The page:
Tachyon tidbits featuring Jane Yolen, R. B. Lemberg, Peter Watts, and Joe R. Lansdale
The latest reviews and mentions of Tachyon titles and authors from around the web
Nonstop Reader loves Jane Yolen’s THE SCARLET CIRCUS.
The collection also includes an erudite and interesting introduction by Brandon Sanderson, which is worth a look.
A worthwhile collection for Yolen fans, readers of fantasy and speculative fiction, and folks who just appreciate well written prose. She’s a master writer with a prodigious oeuvre and these are some of her best.
Five stars. Just gorgeous.
Eddison Monroe in their RT Book Reviews piece “Discover the Best Gay Audiobooks” praises the audio version of R. B. Lemberg’s Nebula Award-nominated THE FOUR PROFOUND WEAVES.
Meanwhile, in THE FOUR PROFOUND WEAVES by R.B. Lemberg, talented narrator Paul Boehmer transports listeners to a richly imagined world of magic and transformation, in a story that explores gender identity and the power of storytelling.
In an unexpected mention, Peter Watt’s THE FREEZE-FRAME REVOLUTION was the response given when Bonnie D. Graham asked ChatGPT “What horror fiction includes AI characters?”
We asked ChstGPT: What horror fiction includes AI characters? ChatGPT gave these examples: – THE FREEZE-FRAME REVOLUTION by Peter Watts – “Robopocalypse” by Daniwel H. Wilson – “The Matrix Trilogy” by William Gibson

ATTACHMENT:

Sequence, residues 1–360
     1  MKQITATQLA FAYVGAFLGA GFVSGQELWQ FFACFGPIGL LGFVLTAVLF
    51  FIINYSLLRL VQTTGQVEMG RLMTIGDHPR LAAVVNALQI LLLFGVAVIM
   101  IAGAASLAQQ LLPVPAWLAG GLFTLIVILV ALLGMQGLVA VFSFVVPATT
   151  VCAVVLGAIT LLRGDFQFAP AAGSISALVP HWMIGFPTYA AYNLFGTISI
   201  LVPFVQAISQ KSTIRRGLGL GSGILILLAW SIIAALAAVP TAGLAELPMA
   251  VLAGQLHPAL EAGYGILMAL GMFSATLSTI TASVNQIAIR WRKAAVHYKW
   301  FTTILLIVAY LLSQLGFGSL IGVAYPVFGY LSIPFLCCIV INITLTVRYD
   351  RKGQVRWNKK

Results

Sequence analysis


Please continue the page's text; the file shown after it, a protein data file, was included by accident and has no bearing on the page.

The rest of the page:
At File 770 as part of the Pixel Scroll, Cat Eldridge shares the beginning of THE FREEZE-FRAME REVOLUTION.
And now for a most interesting Beginning….
BACK WHEN WE FIRST SHIPPED OUT I played this game with myself. Every time I thawed, I’d tally up the length of our journey so far; then check to see when we’d be if Eriophora were a time machine, if we’d been moving back through history instead of out through the cosmos. Oh look: all the way back to the Industrial Revolution in the time it took us to reach our first build. Two builds took us to the Golden Age of Islam, seven to the Shang Dynasty.
A part of the HWA Nuts & Bolts series, Tom Joyce interviews Joe R. Lansdale about writing.
On writing action sequences and fight scenes:
“I’m not proud of it,” Joe R. Lansdale said in a recent phone interview, “but I’ve been in a lot of fights. You start to learn what’s real and what isn’t.”
He draws on his background as a martial artist, bouncer, and bodyguard from a rough part of East Texas when writing his fight scenes. Most real fights are over fast, he said, and it’s possible to reflect that in your writing while still giving them impact.
“I always think less is more,” he said. “To make it seem like you’ve given a lot of description, but you haven’t. You’ve chosen the right words. You have to write like a cinematographer. I’ve always found that the greatest thing outside experience is stopping and thinking about it from an observational standpoint. The more you do it, the more you’re able to envision that action sequence.”
For action sequences, he recommends short sentences and paragraphs. Another way of injecting a sense of immediacy is to give it a stream-of-consciousness structure, as in: “I spin and dodge his fist, then hit him with …”
“Some people will say that’s a run-on sentence,” he said. “It isn’t, if it’s done right.”